In our cemetery, if you have a tiny sticker on your tombstone, it indicates that you’re a veteran. On Memorial Day, the local American Legion group decorates every grave with a sticker. What if you lack a tombstone, or your sticker wears off? You don’t get a flag.
Lisa, a woman in a nearby town is on a mission to get tombstones for the graves of any veteran in our county who doesn’t have a marker, so I set about getting her a list of unmarked veterans’ graves in our cemetery. Over a decade ago, the Colorado State Archives had a list of veterans’ grave registrations which I’d use to compile a list for our local American Legion group when they wanted to decorate veterans’ graves. But that list was no longer on the website, so I resorted to the Wayback Machine to retrieve the list. Since I subsribe to Fold3, I can easily access documents related to veterans, but I had trouble finding information on Clarence Owen, partly because the cemetery records lacked a birthdate, and the list of vets didn’t say what war he served in.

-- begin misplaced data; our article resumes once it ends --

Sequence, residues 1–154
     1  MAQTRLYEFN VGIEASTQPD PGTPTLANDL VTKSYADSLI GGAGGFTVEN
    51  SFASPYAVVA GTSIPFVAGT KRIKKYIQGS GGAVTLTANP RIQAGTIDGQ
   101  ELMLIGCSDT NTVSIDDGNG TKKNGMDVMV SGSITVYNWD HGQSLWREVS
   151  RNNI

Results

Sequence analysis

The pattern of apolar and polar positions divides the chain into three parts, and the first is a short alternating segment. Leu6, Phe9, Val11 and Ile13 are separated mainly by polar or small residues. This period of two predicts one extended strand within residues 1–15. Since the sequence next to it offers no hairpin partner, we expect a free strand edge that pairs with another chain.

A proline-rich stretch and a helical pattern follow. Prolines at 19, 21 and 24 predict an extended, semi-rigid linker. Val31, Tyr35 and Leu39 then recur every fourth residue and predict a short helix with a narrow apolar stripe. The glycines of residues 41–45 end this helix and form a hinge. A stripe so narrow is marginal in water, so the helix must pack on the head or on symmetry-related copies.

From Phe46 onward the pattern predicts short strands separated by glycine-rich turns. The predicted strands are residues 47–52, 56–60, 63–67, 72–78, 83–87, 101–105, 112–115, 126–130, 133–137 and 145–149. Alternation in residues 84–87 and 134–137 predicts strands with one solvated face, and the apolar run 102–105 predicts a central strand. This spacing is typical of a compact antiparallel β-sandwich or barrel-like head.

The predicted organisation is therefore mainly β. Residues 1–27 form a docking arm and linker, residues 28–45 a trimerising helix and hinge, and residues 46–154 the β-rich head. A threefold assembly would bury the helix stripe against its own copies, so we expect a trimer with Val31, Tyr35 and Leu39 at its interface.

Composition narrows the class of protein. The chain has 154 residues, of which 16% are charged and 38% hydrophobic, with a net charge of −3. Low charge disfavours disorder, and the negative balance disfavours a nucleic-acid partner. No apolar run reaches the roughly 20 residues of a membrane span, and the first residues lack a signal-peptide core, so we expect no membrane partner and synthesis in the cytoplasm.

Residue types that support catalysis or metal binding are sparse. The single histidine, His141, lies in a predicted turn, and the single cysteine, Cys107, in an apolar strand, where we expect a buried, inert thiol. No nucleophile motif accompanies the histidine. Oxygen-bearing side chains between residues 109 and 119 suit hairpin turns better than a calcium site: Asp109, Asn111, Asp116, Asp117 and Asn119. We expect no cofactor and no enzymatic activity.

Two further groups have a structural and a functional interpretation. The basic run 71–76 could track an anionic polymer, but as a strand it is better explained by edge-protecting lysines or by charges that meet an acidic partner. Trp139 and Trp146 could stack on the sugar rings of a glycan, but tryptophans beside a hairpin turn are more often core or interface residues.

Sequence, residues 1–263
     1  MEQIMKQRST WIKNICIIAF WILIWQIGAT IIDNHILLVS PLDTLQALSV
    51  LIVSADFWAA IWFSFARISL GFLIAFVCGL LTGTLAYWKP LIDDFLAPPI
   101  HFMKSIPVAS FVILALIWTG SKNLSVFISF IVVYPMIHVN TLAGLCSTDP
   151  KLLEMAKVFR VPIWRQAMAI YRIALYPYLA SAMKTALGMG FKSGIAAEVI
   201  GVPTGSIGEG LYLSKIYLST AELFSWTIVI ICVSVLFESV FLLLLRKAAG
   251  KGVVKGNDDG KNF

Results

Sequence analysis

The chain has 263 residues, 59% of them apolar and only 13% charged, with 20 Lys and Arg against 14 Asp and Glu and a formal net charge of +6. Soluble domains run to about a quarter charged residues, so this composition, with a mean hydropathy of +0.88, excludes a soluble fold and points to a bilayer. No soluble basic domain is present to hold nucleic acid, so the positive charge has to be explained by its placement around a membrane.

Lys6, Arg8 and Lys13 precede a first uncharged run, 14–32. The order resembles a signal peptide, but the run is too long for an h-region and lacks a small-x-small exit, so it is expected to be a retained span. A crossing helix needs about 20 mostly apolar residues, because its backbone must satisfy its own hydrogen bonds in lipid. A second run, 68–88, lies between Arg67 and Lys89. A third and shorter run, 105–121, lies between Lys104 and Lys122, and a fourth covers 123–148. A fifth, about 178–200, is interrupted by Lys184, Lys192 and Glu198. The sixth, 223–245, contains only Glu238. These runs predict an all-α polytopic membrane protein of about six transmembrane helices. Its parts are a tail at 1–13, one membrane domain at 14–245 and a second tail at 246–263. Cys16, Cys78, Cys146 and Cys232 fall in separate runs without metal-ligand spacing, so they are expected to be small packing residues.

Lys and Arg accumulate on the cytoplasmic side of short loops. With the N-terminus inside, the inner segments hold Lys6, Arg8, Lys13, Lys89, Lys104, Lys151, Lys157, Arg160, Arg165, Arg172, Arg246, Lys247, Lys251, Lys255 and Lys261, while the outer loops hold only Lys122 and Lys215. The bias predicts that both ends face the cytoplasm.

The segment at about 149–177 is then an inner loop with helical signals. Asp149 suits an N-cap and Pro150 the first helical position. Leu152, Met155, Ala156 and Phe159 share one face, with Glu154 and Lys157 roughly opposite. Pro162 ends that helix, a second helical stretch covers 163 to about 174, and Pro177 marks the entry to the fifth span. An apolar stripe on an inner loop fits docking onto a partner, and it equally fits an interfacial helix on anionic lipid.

Is he the Clarence Owen who served in Company E of the 14th Regiment, US Infantry (Regular Army) during the Civil War? It’s possible, because other Civil War soldiers in our cemetery lived into the 1930s. I scoured the local newspaper for information, but didn’t find an obituary. Mesa County Public Library has their obituary index online, and they listed two notices for Clarence, one in May, one in September. Last week, I finally made it down to the library to check the notices. The first one mentioned that he’d died, and they thought he had a couple of sisters, one living in Gunnison. The second one said they’d been unable to contact any relatives, and so they’d buried him.
This summer, Bill unearthed his temporary marker. I’ll keep trying to find out more about Clarence, but it’s possible that this is the only marker he’ll ever have.